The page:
My partner and I have been together for nearly five years which puts us at 14 when we first started dating. I can’t think of one person who is fully-formed and educated in their opinions at 14 and we were no exception. I’ve always been interested in women’s rights, but at 14 I was in no place to call myself a feminist nor was my sweet boyfriend. The amount of times I used the word “slut,” believing it okay to pit women against one another or the problematic gender roles we believed in are appalling.
However, now at 19 and both enrolled in university, I think we are both proud to call ourselves feminists and have grown on our journey to understand and become better feminists. To educate ourselves, we’ve taken feminist courses, read feminist literature, participated in online and verbal discussions, attended panels and so on and so forth. My partner supported me in my founding of this magazine meant to help advance women in communications and continues to support me and my all-female staff.
Of course, we’re still learning and still happy to learn! We’re not perfect feminists (but are there perfect anythings?) but we still do these things together:
1. Question each other’s decision to perform beauty routines accepted by society.
Not going to lie, we both love shaving, mostly for the smooth way it makes our skin feel. However, if I ever tell my partner that I didn’t shave and not to be grossed out by my hair legs or armpits, he is quick to acknowledge that there’s nothing wrong with a little hair. Or not wearing make up. Like-wise, I will remind my boyfriend that it’s okay to want to paint his nails and if he’d like, I’ll do them for him. We never judge one another for our desire to carry out these routines, but give gentle reminders that none of it is necessary to achieve what is deemed beauty.
2. Call one another out…constructively
We’ve all said problematic things and that can be okay–as long as we’re aware of what we said was wrong and how to fix it. If either of us say something the other believes to be problematic, we’re quick to have a discussion on it. Calling your partner out should never be an argument; it’s a discussion. It’s a constructive talk meant to correct problematic behavior and understand why they might have said it and how to improve in the future.
3. Argue over marriage traditions
Who is going to take whose last name? Will my father walk me down the aisle? We may be 19, but we both have a lot of opinions on marriage–even if it won’t necessarily be between the two of us. We aren’t afraid to tell others our opinions on sexist and outdated marriage traditions and our ideas on modifying them for our wedding.
4. Practice body positivity
Reminding your partner that you find them attractive is a wonderful thing. It’s even better, too, when you support them when it comes to their choices with their body. Admittedly, I can be down on my body and often desire smaller thighs and a tighter belly. Like-wise, my partner will worry about his own weight. Of course, always be there for your partner and assuring them that their body is wonderful. However, the key to body positivity is not shutting down one’s objections to their body by simply telling them that they’re beautiful, but constructively working through why someone may doubt their body and supporting healthy ways if that individual may want to make a change. Although he is always at my side calling me gorgeous no matter what, my partner is also always cheering me on at the gym.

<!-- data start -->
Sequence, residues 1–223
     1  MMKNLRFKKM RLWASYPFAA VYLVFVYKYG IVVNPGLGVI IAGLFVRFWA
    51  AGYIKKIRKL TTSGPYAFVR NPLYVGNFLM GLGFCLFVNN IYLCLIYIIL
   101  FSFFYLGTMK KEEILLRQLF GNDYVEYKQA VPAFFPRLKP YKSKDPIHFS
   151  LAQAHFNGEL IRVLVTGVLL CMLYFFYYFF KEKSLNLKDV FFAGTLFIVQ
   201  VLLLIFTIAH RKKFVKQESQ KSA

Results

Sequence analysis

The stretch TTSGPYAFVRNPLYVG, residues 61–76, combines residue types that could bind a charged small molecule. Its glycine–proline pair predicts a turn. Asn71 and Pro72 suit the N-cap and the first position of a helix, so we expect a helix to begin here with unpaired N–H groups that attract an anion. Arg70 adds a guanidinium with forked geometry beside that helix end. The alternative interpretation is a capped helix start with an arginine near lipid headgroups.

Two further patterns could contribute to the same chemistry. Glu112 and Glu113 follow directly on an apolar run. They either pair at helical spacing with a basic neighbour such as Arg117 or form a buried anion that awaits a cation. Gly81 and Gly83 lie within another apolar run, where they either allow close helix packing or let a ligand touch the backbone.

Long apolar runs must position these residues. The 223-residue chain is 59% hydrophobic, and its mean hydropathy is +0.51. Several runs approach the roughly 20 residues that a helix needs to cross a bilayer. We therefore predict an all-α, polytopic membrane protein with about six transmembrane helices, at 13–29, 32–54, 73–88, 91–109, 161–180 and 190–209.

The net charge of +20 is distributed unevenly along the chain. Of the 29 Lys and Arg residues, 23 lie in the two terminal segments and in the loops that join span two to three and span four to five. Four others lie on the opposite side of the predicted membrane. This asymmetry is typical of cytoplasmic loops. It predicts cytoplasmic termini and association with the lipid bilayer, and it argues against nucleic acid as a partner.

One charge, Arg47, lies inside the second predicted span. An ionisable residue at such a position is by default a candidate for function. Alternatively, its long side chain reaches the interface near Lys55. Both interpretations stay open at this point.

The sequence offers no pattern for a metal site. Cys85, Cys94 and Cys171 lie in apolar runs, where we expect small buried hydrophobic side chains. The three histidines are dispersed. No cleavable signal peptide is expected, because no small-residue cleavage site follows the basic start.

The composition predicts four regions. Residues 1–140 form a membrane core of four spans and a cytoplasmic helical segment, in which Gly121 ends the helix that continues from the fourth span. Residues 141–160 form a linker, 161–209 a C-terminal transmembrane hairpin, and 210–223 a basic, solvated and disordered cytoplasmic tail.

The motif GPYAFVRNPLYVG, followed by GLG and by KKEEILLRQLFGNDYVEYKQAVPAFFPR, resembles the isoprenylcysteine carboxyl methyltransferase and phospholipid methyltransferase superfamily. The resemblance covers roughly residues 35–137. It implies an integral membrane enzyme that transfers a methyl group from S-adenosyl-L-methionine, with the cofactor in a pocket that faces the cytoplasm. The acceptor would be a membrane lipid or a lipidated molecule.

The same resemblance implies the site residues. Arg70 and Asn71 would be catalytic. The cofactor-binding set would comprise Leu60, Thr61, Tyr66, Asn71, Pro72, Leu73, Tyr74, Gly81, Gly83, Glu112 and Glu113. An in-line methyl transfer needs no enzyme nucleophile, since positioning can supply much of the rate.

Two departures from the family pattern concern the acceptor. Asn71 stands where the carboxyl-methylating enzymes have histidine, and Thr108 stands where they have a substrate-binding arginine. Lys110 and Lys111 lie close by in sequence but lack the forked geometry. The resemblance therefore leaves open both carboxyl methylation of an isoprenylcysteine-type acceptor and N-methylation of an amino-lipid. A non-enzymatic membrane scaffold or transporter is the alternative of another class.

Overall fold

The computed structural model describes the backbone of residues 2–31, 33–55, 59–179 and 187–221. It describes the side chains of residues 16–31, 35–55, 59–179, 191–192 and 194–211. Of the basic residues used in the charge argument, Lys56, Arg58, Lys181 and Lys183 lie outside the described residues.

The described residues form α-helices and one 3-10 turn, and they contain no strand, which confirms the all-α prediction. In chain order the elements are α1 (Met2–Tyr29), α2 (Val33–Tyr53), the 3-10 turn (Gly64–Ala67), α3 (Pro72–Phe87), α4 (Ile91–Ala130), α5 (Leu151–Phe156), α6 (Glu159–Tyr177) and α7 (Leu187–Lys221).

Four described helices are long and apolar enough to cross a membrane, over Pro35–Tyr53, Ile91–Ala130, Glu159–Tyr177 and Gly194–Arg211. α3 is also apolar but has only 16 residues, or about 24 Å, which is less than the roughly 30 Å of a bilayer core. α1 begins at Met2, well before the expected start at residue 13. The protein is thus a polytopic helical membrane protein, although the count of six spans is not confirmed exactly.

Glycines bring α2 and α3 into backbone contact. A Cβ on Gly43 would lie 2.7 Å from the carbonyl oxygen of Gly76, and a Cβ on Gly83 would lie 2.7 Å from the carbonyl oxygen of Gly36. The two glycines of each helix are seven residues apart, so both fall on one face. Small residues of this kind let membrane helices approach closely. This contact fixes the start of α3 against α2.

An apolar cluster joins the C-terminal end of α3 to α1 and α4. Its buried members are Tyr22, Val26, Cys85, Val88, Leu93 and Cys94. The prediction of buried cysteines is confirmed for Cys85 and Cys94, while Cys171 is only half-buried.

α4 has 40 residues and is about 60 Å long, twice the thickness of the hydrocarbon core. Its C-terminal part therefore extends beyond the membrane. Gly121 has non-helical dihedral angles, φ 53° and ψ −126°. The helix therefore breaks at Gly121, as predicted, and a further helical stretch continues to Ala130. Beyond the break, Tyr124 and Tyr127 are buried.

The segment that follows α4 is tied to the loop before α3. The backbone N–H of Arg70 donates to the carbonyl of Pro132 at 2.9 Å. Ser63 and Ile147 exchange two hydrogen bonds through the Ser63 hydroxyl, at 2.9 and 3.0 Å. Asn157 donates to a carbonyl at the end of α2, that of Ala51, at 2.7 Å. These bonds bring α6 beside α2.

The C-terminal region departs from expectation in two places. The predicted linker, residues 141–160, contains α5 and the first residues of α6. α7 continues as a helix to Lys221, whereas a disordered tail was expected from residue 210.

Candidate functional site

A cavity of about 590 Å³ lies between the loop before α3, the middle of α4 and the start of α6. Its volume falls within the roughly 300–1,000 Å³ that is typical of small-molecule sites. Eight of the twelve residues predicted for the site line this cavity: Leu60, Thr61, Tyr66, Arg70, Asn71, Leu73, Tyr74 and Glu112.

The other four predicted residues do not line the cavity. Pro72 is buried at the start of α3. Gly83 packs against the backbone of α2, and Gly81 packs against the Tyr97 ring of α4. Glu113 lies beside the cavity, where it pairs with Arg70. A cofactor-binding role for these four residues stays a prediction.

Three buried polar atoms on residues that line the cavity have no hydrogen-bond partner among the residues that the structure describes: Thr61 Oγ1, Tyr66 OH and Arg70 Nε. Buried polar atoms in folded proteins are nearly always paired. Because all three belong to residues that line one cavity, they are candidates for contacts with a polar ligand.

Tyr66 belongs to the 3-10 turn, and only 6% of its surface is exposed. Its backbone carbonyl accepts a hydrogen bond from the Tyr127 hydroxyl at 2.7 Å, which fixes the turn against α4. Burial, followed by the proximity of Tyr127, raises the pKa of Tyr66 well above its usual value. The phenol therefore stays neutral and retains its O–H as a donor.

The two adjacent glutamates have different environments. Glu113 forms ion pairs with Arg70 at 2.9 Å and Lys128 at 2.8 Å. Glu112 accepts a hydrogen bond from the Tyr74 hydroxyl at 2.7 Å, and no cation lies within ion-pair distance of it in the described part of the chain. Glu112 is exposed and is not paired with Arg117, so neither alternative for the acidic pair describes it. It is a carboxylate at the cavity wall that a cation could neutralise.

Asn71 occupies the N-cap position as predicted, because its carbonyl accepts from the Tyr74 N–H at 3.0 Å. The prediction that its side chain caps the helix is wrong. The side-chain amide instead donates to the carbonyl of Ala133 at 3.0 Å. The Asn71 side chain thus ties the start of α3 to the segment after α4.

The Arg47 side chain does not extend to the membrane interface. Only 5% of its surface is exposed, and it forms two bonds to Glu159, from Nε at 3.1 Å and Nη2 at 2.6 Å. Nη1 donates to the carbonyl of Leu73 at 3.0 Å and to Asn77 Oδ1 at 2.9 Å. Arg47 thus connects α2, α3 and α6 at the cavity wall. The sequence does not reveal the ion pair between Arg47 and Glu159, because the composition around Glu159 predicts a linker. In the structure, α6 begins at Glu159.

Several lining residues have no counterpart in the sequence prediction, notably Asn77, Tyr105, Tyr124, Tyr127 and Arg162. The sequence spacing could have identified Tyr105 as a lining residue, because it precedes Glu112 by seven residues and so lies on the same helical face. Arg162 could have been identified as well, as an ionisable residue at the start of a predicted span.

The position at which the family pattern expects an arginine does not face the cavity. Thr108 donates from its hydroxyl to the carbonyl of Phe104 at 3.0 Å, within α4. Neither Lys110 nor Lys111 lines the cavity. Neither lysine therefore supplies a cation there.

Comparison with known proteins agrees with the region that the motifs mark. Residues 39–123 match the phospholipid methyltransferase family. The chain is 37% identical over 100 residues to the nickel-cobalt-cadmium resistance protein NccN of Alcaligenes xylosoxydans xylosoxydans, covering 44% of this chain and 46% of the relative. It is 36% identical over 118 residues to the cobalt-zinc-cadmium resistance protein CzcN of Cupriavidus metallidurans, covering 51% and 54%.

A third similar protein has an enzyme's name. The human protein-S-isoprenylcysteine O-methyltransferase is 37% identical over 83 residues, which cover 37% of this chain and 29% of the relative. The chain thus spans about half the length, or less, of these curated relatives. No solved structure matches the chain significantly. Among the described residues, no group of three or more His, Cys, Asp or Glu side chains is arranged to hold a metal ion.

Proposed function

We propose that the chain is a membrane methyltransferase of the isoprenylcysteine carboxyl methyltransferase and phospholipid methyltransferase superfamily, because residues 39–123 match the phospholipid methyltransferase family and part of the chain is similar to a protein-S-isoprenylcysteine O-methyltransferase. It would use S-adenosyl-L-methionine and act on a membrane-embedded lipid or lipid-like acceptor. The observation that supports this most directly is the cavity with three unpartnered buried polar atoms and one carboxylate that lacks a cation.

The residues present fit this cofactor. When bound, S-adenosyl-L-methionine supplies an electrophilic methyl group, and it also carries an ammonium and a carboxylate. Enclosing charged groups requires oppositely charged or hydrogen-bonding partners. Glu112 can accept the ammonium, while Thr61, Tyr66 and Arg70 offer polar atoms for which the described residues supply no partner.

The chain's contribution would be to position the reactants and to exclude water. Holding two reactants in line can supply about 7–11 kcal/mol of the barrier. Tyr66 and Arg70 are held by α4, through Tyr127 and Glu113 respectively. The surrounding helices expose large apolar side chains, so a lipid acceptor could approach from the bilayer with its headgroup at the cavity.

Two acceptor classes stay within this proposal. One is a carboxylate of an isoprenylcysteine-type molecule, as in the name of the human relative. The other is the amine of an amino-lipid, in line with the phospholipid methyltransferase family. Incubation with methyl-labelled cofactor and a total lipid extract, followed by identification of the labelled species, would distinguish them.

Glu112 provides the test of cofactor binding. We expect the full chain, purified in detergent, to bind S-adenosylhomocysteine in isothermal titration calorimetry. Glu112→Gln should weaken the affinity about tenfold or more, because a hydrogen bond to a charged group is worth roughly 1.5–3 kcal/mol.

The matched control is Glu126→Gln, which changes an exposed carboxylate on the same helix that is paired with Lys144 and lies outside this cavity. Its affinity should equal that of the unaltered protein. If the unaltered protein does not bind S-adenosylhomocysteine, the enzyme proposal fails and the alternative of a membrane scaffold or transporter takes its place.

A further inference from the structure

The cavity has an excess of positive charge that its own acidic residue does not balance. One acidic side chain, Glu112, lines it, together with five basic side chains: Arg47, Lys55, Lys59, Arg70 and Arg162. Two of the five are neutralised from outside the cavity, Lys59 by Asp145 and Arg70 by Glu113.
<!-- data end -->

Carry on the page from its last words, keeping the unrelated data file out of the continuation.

5. Fight inherent power dynamics between each other
Occasionally there may appear to be an inherent power dynamic in certain relationships, particularly heterosexual ones in which my boyfriend, a man, may naturally appear to have power over me, a woman. We are always working on making it clear that our relationship is about equality.
6. Seek out open conversation with our friends about feminism
If I’m not incessantly sharing my articles and the articles of other feminists on Facebook my partner is. We encourage our friends to discuss them with us and are happy to teach and also learn in these discussions.
7. Acknowledge one another’s privilege and our own and seek out information
My partner and I are both white, cis-gendered, straight individuals. We are middle-class and are currently enrolled in university. We are always doing our best to stay aware of our privilege and seek out information on how to be better feminists and help out marginalized communities. As a woman, I help my partner recognize his masculine privilege as we recognize the privileges we share. If we ever waver and say or act problematically, we do our best to bring one another back.
8. Support one another’s ambitions
This magazine may not be where it is today without, in part, my boyfriend’s support (and an amazing co-founder, staff, and articles…). He is my cheerleader, my rock to turn to when things go wrong. In turn, I support him in all of his pursuits. I was there when he got into his dream university and have since helped and encouraged him in his pursuit of two difficult majors. We talk about our dreams after college and help one another form goals and then cheer each other on when reaching these goals.
9. Refuse labels
I’m a strong personality; my partner is calm and quiet. You heard that correctly: a fierce, outspoken woman dating a tranquil, quiet man. Clearly he must be “whipped.” My partner and I openly refuse labels when it comes to our relationship. We are who we are and we refuse to let anyone else define our relationship.
Although we have each other it’s our duty to listen to other feminists, especially women of color or LGBTQ+ folk, and work together towards improving our feminism every day.
Being a feminist power couple improves our relationship and love in so many brilliant ways. We empower one another and hopefully empower others!